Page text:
During meetings of the Clarke County School Board the past few months, public speakers have told board member Tawana Mattox such things as, “I wish you were dead,” and “I know where you live.”
She watched with alarm as the board meetings sometimes devolved into call-and-response gatherings. She came to believe the speakers who couldn’t be civil and finish their remarks within a three-minute limit needed a consequence. A policy revision would have prohibited speakers from speaking at board meetings for three months if, after receiving a warning, they exceeded the time limit and directed personal comments to board members.
At their regular April board meeting, the school board voted 7–2 to send the policy back to the policy committee for “wordsmithing,” as member Charles Worthy suggested. Mattox and policy committee chair Greg Davis were the only two members voting to move the policy forward with current revisions.
Member Patricia Yager will survey school boards around the state to see how others handle similar issues. Armed with this information, the policy committee will then “wordsmith” the policy and return another revised version to the board. With the coronavirus outbreak, there’s no chance of anyone attending a school board meeting—possibly not until August—since the meetings are virtual.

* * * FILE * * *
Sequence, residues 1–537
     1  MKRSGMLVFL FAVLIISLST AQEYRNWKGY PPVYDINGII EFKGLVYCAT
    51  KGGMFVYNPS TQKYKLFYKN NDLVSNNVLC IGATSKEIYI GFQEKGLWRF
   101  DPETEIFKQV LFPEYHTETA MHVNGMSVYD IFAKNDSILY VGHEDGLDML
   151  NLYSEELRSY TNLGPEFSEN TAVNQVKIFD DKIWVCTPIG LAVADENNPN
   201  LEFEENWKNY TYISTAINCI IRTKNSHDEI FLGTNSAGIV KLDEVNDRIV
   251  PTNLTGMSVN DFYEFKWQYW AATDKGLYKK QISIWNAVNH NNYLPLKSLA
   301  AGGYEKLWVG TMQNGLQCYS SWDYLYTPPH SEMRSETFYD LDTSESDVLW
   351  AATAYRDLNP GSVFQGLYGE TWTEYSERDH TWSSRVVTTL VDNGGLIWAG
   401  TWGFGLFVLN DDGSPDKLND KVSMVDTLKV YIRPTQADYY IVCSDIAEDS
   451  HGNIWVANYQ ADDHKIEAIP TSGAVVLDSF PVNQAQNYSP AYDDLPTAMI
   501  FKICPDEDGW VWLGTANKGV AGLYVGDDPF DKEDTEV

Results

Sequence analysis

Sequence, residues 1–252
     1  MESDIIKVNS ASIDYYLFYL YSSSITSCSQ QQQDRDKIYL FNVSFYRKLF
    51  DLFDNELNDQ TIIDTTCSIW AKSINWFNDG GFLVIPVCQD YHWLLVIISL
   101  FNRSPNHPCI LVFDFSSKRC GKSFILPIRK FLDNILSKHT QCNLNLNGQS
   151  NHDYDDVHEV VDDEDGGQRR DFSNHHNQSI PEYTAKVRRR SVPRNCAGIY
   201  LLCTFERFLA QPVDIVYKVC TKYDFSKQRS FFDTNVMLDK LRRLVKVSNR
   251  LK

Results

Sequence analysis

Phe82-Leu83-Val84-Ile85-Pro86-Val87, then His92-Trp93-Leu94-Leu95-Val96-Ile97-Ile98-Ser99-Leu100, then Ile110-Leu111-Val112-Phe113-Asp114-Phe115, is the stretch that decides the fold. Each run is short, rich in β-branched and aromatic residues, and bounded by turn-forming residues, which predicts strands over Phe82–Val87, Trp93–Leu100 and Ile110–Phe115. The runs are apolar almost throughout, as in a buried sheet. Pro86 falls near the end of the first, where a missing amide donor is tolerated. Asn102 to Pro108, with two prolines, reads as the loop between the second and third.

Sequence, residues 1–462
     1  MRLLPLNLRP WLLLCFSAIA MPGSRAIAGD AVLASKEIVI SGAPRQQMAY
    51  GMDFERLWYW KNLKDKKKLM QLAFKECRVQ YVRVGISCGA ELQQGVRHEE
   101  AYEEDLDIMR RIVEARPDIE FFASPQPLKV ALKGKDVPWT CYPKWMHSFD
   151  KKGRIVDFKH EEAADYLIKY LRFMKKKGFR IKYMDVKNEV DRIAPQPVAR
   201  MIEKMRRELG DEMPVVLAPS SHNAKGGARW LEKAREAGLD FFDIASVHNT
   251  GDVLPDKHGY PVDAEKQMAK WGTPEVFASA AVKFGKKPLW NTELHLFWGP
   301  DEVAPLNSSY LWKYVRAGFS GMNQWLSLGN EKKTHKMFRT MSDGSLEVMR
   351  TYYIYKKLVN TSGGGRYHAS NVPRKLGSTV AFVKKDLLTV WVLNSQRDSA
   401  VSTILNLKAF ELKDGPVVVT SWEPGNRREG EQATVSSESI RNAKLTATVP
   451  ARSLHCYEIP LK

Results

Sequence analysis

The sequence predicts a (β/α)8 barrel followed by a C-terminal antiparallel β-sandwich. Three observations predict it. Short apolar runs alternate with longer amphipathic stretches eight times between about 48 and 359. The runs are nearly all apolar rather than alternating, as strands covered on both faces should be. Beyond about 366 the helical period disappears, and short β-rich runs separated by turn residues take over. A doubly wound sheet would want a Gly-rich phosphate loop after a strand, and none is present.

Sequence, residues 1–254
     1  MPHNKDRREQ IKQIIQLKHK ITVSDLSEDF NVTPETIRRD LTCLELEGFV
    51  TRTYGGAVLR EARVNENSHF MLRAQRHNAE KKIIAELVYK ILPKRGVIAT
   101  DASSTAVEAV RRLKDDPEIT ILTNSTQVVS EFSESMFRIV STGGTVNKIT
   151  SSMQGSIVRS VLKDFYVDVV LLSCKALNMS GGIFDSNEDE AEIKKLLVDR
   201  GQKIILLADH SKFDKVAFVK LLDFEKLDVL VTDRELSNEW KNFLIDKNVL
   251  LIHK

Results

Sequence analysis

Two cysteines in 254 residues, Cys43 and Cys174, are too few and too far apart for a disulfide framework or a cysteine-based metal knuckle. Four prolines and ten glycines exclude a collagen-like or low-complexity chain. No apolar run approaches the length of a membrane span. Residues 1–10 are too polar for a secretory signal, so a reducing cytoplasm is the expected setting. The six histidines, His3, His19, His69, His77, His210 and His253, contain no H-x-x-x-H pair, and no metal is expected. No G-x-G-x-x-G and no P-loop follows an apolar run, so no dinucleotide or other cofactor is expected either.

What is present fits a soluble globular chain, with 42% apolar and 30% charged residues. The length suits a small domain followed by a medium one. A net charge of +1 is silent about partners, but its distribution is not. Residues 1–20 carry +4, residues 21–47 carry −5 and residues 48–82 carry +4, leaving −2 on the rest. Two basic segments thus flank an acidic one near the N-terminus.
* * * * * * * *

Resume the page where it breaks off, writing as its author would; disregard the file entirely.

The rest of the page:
In other actions:
• The board learned the district had $66.8 million in assets in February, that CCSD is spending much less money on bus fuel, and that finance officials expect a drop in ESPLOST revenue.
• It also learned the district has paid the Employment Law Solution firm $21,000 from the general fund for legal services through the end of March. Atlanta-based ELS is the law firm the board hired to help with Cognia’s accreditation review in January and negotiate a settlement with former superintendent Demond Means, who remains on paid administrative leave four months after the board voted to remove him.
• The board approved creating an 8-lane track at Clarke Central and installing Astro-turf on a Clarke Central football field. The cost for both projects is $6 million.
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